Principally, the psychosis-inducing effects of cannabis have been linked to an abnormal salience theory,16,17 in which THC leads to an increase in anomalous experience which is then misinterpreted. However, THC can also induce anxiety via cannabinoid receptors in the amygdala.18 Therefore, the prediction from the cognitive model of paranoia is that THC leads to such fears via 2 routes: the generation of confusing anomalous experiences and an increase in negative affect and related processes. Working memory is clearly affected by THC, but since such cognitive problems have not been linked to the positive symptoms of psychosis,19 a direct memory performance route to paranoia would not be expected.
The Current Study
In the current study, we set out to identify the causes of paranoia via the administration of THC. This requires a between-groups test of the administration of THC against placebo. A third condition tested a further causal factor: misinterpretation. The cognitive perspective considers paranoia to be a misinterpretation of events. If individuals are made sufficiently aware of the potential subjective effects of THC, then this may alter the interpretation made and hence the occurrence of paranoia. Therefore, the third condition was a cognitive awareness manipulation in which the potential effects of THC were explained before drug administration. The participants to be tested were selected from the general population on the key criterion of having had recent paranoid ideation. This was therefore an analogue population, in order that the results are applicable to understanding the clinical phenomenon; testing individuals without signs of vulnerability to disorder would be much less informative about clinical paranoia, while testing patients in such large numbers would have ethical and practical difficulties. We were mindful of “the paranoia problem,” the difficulty of determining whether persecutory ideation is unfounded, so the battery of tests included the most extensive range of paranoia assessments yet used in a study. There were 3 hypotheses: (a) THC increases the occurrence of paranoia, (b) the occurrence of anomalous experiences and negative affect (but not alterations in working memory) explains (ie, mediates) the increase in paranoia, and (c) that paranoid interpretations can be partially blocked by cognitive awareness. The second hypothesis concerning underling mechanisms is the hardest to establish—we note the advice of Bullock and colleagues20 “to think of mediation analysis as a cumulative enterprise.”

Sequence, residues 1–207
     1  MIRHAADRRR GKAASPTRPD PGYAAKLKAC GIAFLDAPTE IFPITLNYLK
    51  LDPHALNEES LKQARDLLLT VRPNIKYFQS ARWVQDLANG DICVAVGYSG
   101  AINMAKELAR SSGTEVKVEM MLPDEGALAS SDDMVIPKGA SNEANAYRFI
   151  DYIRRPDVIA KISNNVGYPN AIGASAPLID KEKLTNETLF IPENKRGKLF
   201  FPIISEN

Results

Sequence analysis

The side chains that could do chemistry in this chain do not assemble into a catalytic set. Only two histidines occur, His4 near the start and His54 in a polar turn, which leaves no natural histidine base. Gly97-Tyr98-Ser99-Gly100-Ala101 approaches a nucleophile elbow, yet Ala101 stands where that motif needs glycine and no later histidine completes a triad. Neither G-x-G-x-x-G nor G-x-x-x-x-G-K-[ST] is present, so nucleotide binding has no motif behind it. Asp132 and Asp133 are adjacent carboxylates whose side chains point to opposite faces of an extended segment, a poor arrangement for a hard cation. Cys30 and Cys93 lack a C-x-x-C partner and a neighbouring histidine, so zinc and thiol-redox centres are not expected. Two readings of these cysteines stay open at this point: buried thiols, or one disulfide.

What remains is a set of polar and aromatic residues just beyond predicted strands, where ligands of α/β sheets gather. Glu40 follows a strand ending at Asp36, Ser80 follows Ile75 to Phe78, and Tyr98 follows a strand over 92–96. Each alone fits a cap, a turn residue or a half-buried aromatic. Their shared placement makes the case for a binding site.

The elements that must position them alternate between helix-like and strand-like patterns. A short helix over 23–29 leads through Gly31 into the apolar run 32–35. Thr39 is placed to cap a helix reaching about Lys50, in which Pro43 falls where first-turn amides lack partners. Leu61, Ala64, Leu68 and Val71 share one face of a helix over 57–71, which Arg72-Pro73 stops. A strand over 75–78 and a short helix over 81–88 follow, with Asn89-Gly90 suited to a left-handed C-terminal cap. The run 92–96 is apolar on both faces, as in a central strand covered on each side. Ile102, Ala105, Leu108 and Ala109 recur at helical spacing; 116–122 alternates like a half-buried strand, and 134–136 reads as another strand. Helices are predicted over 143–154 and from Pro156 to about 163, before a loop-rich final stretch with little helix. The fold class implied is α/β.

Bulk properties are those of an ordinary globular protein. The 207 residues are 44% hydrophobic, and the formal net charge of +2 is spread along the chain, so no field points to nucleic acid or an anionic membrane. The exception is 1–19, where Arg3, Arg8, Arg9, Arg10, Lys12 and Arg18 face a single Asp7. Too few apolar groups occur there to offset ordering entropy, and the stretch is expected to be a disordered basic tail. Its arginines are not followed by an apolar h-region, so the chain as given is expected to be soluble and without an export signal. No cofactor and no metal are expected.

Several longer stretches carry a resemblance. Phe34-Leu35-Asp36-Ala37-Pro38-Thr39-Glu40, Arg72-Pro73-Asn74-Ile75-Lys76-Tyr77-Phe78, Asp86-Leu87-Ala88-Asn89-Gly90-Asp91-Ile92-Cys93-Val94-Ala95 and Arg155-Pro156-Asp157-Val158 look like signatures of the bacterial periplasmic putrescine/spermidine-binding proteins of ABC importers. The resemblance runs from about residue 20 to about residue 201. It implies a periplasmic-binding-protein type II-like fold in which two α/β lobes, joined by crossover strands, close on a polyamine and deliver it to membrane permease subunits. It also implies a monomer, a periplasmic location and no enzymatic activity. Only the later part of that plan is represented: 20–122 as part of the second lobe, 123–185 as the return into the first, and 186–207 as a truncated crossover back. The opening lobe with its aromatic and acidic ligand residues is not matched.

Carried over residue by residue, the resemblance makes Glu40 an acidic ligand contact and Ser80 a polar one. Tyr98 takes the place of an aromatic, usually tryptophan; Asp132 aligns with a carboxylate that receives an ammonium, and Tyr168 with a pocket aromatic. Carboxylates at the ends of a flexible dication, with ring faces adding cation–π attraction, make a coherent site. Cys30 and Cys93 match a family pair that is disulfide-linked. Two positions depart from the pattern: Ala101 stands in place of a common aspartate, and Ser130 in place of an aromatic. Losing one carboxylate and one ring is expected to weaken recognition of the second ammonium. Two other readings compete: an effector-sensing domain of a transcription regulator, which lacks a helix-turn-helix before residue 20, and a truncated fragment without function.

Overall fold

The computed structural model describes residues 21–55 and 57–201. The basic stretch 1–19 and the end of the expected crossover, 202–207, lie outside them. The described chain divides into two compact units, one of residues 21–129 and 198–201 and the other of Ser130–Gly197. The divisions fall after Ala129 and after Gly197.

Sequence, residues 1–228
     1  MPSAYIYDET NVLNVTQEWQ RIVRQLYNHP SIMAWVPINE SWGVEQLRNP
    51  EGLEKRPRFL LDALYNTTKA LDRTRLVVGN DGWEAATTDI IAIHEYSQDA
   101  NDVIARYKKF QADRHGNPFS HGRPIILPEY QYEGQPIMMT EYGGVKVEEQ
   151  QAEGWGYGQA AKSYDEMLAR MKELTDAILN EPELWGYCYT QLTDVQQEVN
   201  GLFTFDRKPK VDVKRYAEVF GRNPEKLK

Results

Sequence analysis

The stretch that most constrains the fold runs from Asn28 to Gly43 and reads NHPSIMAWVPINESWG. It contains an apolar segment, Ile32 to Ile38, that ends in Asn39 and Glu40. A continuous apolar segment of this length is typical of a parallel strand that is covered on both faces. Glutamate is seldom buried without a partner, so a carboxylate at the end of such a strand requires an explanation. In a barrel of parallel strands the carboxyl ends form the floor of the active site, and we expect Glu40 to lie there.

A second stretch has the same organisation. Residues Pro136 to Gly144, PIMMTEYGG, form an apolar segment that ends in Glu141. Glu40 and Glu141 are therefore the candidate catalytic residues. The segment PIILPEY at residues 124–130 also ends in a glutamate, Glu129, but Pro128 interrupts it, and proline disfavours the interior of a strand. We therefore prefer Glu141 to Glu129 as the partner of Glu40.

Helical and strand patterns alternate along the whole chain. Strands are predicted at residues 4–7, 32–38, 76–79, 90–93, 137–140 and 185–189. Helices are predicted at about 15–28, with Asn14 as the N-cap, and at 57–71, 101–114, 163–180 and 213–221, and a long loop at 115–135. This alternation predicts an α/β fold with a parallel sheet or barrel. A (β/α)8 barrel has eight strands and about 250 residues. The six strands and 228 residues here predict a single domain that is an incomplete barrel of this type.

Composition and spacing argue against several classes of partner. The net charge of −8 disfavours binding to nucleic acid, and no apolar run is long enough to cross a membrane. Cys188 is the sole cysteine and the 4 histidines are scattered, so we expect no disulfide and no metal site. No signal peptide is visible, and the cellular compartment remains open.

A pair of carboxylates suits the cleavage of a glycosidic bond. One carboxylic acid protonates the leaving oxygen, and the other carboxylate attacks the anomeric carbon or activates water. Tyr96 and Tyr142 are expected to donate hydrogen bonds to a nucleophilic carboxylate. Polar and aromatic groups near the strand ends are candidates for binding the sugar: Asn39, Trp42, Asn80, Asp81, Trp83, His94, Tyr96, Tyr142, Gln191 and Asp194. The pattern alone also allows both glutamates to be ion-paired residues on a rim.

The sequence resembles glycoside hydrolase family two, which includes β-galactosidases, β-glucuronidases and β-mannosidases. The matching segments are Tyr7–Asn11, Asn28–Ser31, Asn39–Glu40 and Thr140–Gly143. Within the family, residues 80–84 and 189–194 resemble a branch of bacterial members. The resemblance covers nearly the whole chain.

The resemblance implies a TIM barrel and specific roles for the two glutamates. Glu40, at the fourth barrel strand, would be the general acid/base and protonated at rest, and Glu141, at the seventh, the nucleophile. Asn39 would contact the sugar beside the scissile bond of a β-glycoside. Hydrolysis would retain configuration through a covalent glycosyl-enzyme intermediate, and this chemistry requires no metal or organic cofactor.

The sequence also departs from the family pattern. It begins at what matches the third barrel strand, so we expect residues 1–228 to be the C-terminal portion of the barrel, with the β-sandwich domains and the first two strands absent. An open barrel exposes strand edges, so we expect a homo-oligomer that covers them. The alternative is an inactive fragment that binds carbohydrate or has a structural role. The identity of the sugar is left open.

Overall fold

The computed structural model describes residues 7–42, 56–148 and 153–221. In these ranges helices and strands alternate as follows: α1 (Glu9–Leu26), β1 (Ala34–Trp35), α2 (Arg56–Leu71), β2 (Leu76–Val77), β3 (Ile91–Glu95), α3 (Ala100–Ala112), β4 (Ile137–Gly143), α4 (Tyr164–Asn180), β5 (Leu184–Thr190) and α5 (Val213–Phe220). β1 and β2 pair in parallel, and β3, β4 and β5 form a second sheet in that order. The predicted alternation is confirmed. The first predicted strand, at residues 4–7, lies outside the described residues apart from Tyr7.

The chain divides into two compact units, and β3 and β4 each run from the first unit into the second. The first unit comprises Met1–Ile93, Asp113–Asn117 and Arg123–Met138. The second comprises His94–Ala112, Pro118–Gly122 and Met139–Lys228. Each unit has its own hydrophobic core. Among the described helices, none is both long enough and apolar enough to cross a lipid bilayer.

There were 121 participants. The inclusion criteria were: aged between 21 and 50, had taken cannabis at least once before, and reported a paranoid thought in the past month as assessed by the Paranoid Thoughts Scale Part B.21 The exclusion criteria were: a history of mental illness or substance dependence, a history of major mental illness in a first-degree family member, a neurological condition, a heart condition, a history of fainting, photo-sensitive epilepsy, or being a pregnant or nursing mother. The inclusion criteria concerning age and previous use of cannabis, as well as all the exclusion criteria, were designed to minimize the chances of any significant adverse effects. The psychiatrists carrying out the administration of the vials also carried out a brief health check. The study had received approval from an NHS research ethics committee, and written informed consent was received from all participants. Participants were recruited via distribution of leaflets to local postcodes and the playing of local radio adverts in Oxfordshire, UK.22 The study was also advertised at a number of colleges in the University of Oxford, at Oxford Brookes University, and on the website of a local newspaper. The adverts did not mention cannabis or paranoia. The wording was: “Volunteers Required for Psychological Research. We are looking for volunteers to take part in a medical research study being carried out at the university. The research would take three hours and you would be compensated for your time. If you would like to hear more about the research, then please contact us. We send detailed information about the study so that you can consider whether you would like to take part.” The individuals who responded were then invited to take part in the screening stage. Depending on participant preference, the screening questionnaires were either completed online via a web-link or sent via post. Therefore, screening was self-report. A total of 1792 people were screened. The reasons for exclusion (which could be several for a person) were: outside the age range (n = 611), had not taken cannabis before (n = 1117), did not report persecutory ideation (n = 739), had a history of mental illness (n = 281), substance abuse (n = 41), or major mental illness in a first-degree family member (n = 100), had a neurological condition (n = 37), had a history of fainting (n = 53), had a heart condition (n = 83), had photo-sensitive epilepsy (n = 2), were pregnant or a nursing mother (n = 17), had other physical health problems (n = 5), or had high blood pressure prior to administration of the vial (n = 5). Totally, 106 people were suitable but declined to take part or were not contactable.